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Amazon's cashierless tech could be ready for full-size supermarkets

Kris Holt
·Contributing Writer
·2-min read

It seems Amazon is finally ready to bring its cashierless grocery store tech to full-size supermarkets. Planning documents Bloomberg spotted for a location in Connecticut boast features akin to those in Amazon Go stores, including entry and exit gates and ceiling-mounted racks that support camera arrays, as well as space for server racks.

Shoppers at Go stores, which have been around since 2018, swipe their phones when they pass through the entry gates. The cameras and shelf sensors track what they place in their cart. They’re automatically charged for the items they take when they leave the store.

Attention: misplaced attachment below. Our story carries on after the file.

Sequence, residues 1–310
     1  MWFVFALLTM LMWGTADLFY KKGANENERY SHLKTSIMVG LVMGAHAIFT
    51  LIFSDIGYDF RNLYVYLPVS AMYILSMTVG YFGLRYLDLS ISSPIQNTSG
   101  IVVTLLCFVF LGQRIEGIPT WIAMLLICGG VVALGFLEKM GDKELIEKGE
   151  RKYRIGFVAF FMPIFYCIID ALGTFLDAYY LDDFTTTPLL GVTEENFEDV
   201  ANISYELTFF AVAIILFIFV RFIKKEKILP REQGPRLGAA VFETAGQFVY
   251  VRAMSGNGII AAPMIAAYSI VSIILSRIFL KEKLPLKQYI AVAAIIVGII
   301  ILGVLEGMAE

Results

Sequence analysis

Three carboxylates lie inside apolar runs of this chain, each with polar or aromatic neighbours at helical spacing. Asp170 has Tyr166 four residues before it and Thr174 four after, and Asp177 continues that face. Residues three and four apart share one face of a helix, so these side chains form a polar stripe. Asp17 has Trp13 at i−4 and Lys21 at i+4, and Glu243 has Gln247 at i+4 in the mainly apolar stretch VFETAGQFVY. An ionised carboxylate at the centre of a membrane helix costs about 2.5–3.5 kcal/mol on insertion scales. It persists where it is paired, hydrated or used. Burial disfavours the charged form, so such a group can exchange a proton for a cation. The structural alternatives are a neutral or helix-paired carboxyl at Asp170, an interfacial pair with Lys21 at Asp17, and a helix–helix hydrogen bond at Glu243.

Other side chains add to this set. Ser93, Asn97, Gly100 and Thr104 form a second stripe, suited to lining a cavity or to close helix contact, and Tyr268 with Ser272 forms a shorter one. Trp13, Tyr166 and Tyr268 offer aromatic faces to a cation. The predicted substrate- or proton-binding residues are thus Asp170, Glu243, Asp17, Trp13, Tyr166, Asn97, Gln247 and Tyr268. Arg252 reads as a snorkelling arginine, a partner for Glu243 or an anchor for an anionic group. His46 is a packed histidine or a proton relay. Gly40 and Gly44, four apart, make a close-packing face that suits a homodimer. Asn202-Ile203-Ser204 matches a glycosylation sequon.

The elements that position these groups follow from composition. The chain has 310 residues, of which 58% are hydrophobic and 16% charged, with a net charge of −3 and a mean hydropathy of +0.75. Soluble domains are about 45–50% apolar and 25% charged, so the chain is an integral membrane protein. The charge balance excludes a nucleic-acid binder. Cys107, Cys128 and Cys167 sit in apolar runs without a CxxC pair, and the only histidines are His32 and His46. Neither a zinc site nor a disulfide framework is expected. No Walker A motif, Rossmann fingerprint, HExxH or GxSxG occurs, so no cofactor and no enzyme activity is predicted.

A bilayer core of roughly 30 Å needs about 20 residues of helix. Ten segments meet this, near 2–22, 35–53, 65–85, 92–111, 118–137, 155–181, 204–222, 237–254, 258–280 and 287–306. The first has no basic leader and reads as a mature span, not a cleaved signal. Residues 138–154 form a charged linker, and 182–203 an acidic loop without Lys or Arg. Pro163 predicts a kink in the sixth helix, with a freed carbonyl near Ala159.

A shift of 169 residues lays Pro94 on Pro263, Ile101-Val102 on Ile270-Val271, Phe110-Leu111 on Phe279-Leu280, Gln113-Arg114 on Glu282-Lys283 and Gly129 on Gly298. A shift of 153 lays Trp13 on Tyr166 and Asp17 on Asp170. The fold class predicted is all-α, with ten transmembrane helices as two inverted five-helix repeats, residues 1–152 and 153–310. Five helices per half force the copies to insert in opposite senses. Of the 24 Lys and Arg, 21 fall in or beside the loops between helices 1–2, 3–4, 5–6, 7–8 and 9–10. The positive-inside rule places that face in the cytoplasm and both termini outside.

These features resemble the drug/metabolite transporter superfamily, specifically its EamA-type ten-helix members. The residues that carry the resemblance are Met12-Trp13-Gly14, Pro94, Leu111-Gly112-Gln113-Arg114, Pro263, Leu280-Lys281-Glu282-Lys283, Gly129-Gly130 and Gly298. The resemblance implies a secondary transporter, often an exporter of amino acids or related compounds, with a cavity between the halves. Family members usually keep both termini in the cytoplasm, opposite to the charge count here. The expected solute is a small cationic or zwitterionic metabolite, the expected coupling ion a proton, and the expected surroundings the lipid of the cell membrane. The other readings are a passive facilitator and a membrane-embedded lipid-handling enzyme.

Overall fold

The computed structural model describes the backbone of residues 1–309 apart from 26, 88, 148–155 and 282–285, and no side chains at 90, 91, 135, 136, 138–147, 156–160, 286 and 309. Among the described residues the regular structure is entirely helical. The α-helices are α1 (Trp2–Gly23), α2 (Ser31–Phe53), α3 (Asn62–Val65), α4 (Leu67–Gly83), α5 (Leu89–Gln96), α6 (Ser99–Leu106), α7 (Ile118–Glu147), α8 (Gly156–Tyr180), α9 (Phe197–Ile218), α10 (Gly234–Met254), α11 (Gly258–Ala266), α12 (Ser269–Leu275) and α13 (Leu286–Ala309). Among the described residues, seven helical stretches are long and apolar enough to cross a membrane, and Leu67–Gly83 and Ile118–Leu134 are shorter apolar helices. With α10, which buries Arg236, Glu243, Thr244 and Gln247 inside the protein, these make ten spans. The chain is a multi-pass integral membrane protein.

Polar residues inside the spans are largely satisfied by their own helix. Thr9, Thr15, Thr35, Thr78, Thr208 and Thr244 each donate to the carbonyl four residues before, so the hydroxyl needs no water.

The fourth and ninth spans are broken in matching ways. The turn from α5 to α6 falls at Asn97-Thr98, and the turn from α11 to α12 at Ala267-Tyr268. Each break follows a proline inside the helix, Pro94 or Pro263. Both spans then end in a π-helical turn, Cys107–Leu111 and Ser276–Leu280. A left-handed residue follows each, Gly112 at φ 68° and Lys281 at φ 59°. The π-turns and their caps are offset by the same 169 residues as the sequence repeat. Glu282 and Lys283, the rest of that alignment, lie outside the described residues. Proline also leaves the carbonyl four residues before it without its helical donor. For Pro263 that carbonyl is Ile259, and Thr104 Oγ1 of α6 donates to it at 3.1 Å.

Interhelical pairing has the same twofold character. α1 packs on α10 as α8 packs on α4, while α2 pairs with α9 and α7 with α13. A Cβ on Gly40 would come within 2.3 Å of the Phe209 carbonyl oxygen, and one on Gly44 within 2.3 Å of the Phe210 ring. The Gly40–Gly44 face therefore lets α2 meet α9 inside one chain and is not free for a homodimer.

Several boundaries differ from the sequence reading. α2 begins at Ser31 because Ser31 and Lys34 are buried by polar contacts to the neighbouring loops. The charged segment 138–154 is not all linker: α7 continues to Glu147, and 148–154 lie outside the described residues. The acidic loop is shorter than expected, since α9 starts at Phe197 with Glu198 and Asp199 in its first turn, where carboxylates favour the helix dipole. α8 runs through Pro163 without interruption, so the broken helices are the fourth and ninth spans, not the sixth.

Using the tech in a store with around 7,000 square feet of retail space (as the largest Go Grocery stores have) is less complex than having it in a supermarket. The planned location has a floor space that’s almost three times larger than Go Grocery outlets and it would welcome far more people at once.

Still, it seems Amazon has been able to scale the tech sufficiently and in a way that’s cost-effective enough to use it in supermarkets. Rival companies working on cashierless tech have said they’re a year or two away from bringing it to supermarkets, so it appears Amazon is getting the jump on them.

Although Amazon isn’t named in the plans, the schematics are said to be very similar to documents the company has filed for other stores. Construction on the Bloomfield supermarket, which may be an Amazon Fresh location, is underway. Amazon has opened 12 Fresh stores and it's said to have dozens more in the works across the US.

This week, Amazon announced it would bring its tech that allows you to pay by scanning your palm to Whole Foods stores, starting with a location in Seattle. The company has been using the tech at convenience and bookstores, along with 4-star outlets.